‘We’re not doing well’: Metro doctors warn cases, hospitalizations likely to spike in the fall

‘We’re not doing well’: Metro doctors warn cases, hospitalizations likely to spike in the fall

THE RISK OF COVID REINFECTION THIS SUMMER. GOOD EVENING. I’M JULIE CORNELL. ROB: I’M ROB MCCARTNEY. THEY WORRY VACCINATIONS MAY NOT BE KEEPING UP WITH THE AMOUNT OF NEW VARIANTS. JULIE: KETV NEWSWATCH 7’S JOEY SAFCHIK SPOKE WITH TO DOCTORS — WITH TWO DOCTORS ABOUT WHY THAT LATEST SHOT MAY NOT OFFER AS MUCH PROTECTION AS YOU THINK. REPORTER: YOU MIGHT KNOW SOMEONE WHO IS VACCINATED AND BOOSTED, BUT STILL GOT COVID. DOCTORS SAY, THAT IS BECAUSE OUR IMMUNITY WANES, AS WE MOVE FATHER FROM OUR LAST SHOT AND AS NEW VARIANTS MOVE FARTHER AWAY FROM THE ORIGINAL STRAIN. PLUS, THEY SAY PUBLIC ATTENTION ON THE VIRUS IS WANING AS RAPIDLY AS EVER. FOR SO MANY, IT HAS BEEN MONTHS SINCE THEIR LAST COVID SHOT. >> WE ARE NOT DOING WELL CONTINUING TO KEEP PEOPLE UP TO DATE ON BOOSTING, WE ARE NOT REALLY DOING WELL GETTING CHILDREN VACCINATED. REPORTER: UNMC INFECTIOUS DISEASE EXPERT DR. JAMES LAWLER FEARS THE MONTHS AHEAD WILL BE MARRED BY MORE AND MORE VIRUS. >> IF THIS IS OUR SET POINT, GOING INTO THE FALL, THAT IS NOT A GOOD SIGN. REPORTER: AT THIS RATE, THERE ARE ABOUT 400 DEATHS A DAY IN THE U.S. THAT IS ABOUT 140,000 A YEAR. DEATHS HAVE PLATEAUED IN DOUGLAS COUNTY, BUT DOCTORS LIKE CHI’S DAVID QUIMBY ARE PREPARED FOR THE WORST. >> IF YOU HAVE MORE INFECTED PEOPLE, JUST MORE OF THEM ARE MORE LIKELY TO BECOME ILL. REPORTER: TREATMENTS ARE READILY AVAILABLE, — AVAILABLE. >> THOSE TREATMENTS SHOULD BE USED MORE WIDELY. REPORTER: BUT QUIMBY SAYS WE SHOULD STILL TREAT VACCINES AS A SAVING GRACE. >> HONESTLY, PREVENTION IS BETTER THAN TREATMENT. REPORTER: AT THE CENTER OF MEDICAL CONVERSATIONS, THE REPERCUSSIONS OF REPEAT INFECTIONS. >> RIGHT NOW, THE THE INDICATIONS ARE THAT REPEAT INFECTIONS CAN BE AS SERIOUS AND POTENTIALLY EVEN MORE SERIOUS. REPORTER: BUT BOTH DOCTORS FEAR THE PUBLIC NO LONGER TAKES THE VIRUS SERIOUSLY ENOUGH. >> I THINK WE ARE ALREADY PRETENDING IT’S NORMAL, BUT IT’S NOT. >> EVEN THOUGH IT’S NOT OVERWHELMING OUR SYSTEM, IT WOULD BE KIND OF VERY UNFORTUNATE, IF THIS IS A BASELINE. REPORTER: WE ASKED IF IT WOULD BE IRRESPONSIBLE TO RETURN TO WORK BEFORE THE CDC RECOMMENDED WAITING PERIOD, EVEN IF YOU FEEL BETTER.

‘We’re not doing well’: Metro doctors warn cases, hospitalizations likely to spike in the fall

With hospitalizations on the rise and new variants in the Metro, doctors fear another COVID-19 spike is imminent.

Many Nebraskans received their last COVID-19 shot many months ago. Doctors fear the months ahead will be marred by more virus and less protection. “We’re not doing well, continuing to keep people up to date on boosting, we’re not really doing well getting children vaccinated,” said UNMC’s Dr. James Lawler, an infectious disease expert. “If this is our set point, going into the fall, that’s not a good sign.”Currently, according to Lawler, there are about 400 COVID-19-related deaths each day in the U.S. That would add up to about 140,000 a year. Deaths have plateaued in Douglas County, but doctors like CHI Health’s David Quimby are bracing for the worst in the coming months, given the recent rise in hospitalizations. “If you have more infected people, just more of them are more likely to become ill,” Quimby said. Treatments are readily available, and Lawler calls for them to be used more widely. Both Metro doctors agree, however, that getting vaccinated should be step one. Booster shots will bolster your protection. “Honestly, prevention is better than treatment,” Quimby said. In the third year of the pandemic, the repercussions of repeat infections are at the center of medical conversations.”Right now, the indications are that repeat infections can be as serious and potentially even more serious,” Lawler said. Yet, both doctors fear the public no longer takes the virus seriously enough.”I think we’re already pretending it’s normal, but it’s not,” Lawler said.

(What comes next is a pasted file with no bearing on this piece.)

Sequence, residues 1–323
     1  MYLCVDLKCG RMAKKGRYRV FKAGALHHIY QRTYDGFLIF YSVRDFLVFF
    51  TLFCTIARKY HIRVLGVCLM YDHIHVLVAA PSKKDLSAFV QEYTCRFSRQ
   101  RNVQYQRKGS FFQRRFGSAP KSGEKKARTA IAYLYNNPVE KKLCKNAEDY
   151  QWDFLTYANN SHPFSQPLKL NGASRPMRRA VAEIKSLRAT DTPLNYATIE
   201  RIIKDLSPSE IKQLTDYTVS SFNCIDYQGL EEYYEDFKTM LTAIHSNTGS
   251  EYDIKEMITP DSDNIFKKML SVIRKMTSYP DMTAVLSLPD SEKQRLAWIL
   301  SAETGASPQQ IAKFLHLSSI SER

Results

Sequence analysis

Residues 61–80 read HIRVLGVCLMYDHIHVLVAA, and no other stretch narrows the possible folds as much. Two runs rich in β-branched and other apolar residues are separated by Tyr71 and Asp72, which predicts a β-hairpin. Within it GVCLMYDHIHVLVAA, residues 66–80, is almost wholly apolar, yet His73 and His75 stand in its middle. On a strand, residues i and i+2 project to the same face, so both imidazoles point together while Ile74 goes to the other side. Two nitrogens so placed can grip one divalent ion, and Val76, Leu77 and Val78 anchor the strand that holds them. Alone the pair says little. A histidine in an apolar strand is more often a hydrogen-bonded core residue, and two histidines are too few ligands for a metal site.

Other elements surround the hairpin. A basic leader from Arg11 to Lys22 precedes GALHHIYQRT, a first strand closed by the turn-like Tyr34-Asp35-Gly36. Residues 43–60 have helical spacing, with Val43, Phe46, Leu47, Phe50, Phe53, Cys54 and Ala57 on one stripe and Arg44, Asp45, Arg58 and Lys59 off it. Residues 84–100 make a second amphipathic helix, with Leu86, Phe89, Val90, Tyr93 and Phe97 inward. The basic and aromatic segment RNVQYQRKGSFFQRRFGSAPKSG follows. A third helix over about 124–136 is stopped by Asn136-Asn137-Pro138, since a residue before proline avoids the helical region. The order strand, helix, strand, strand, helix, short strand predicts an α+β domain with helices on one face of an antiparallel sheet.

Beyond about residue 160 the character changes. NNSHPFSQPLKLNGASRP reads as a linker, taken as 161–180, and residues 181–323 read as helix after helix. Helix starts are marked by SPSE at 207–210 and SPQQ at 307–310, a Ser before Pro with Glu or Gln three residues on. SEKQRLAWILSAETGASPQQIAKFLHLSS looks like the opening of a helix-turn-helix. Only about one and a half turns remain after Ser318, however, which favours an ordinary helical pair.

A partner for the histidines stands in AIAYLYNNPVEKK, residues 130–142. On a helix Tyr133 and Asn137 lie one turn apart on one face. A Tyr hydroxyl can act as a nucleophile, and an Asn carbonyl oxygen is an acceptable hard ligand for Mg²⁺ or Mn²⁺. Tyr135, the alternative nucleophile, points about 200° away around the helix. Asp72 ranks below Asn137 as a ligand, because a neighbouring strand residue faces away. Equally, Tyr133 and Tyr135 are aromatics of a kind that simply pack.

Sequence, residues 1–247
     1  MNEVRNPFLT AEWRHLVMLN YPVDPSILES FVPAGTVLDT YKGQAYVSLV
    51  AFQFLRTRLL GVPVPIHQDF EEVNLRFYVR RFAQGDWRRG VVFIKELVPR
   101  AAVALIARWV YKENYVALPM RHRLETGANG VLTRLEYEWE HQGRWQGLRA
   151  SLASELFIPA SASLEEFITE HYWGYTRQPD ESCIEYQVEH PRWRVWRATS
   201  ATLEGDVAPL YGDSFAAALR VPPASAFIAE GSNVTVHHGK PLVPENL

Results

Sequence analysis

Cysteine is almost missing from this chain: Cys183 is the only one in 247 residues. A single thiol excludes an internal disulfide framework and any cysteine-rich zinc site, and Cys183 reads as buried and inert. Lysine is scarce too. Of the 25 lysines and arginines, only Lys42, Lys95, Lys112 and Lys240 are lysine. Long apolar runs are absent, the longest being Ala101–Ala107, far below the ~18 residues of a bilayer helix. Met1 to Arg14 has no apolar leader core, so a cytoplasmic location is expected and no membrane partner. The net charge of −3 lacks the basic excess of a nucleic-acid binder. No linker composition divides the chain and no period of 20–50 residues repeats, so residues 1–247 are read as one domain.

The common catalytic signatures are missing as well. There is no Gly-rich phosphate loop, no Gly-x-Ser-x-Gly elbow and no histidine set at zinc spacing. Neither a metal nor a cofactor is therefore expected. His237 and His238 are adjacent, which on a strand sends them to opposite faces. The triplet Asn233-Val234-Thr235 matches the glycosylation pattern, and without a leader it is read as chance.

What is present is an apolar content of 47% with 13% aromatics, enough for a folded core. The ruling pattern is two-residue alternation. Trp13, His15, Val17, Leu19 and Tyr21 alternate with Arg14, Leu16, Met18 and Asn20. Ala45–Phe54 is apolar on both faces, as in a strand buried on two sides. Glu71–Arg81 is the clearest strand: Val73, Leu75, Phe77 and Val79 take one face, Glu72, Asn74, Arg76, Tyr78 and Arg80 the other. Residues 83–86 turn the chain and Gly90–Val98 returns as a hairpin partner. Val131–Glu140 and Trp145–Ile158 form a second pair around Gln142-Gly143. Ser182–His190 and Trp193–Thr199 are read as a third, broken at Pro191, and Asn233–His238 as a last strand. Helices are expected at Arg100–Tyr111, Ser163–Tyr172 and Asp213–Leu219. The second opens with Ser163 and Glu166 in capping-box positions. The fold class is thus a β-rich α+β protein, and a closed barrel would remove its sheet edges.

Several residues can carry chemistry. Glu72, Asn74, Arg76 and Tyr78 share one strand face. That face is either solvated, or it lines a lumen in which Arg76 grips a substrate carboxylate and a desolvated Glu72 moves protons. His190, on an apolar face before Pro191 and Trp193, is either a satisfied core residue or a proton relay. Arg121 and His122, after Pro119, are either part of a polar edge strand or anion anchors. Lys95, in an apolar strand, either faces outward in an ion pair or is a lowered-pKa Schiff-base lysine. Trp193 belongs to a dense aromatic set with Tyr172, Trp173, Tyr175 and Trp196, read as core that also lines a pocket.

Many Nebraskans received their last COVID-19 shot many months ago. Doctors fear the months ahead will be marred by more virus and less protection.

“We’re not doing well, continuing to keep people up to date on boosting, we’re not really doing well getting children vaccinated,” said UNMC’s Dr. James Lawler, an infectious disease expert. “If this is our set point, going into the fall, that’s not a good sign.”

Currently, according to Lawler, there are about 400 COVID-19-related deaths each day in the U.S. That would add up to about 140,000 a year. Deaths have plateaued in Douglas County, but doctors like CHI Health’s David Quimby are bracing for the worst in the coming months, given the recent rise in hospitalizations.

“If you have more infected people, just more of them are more likely to become ill,” Quimby said.

Treatments are readily available, and Lawler calls for them to be used more widely. Both Metro doctors agree, however, that getting vaccinated should be step one. Booster shots will bolster your protection.

“Honestly, prevention is better than treatment,” Quimby said.

In the third year of the pandemic, the repercussions of repeat infections are at the center of medical conversations.

“Right now, the indications are that repeat infections can be as serious and potentially even more serious,” Lawler said.

Yet, both doctors fear the public no longer takes the virus seriously enough.

“I think we’re already pretending it’s normal, but it’s not,” Lawler said.

#Metro #doctors #warn #cases #hospitalizations #spike #fall

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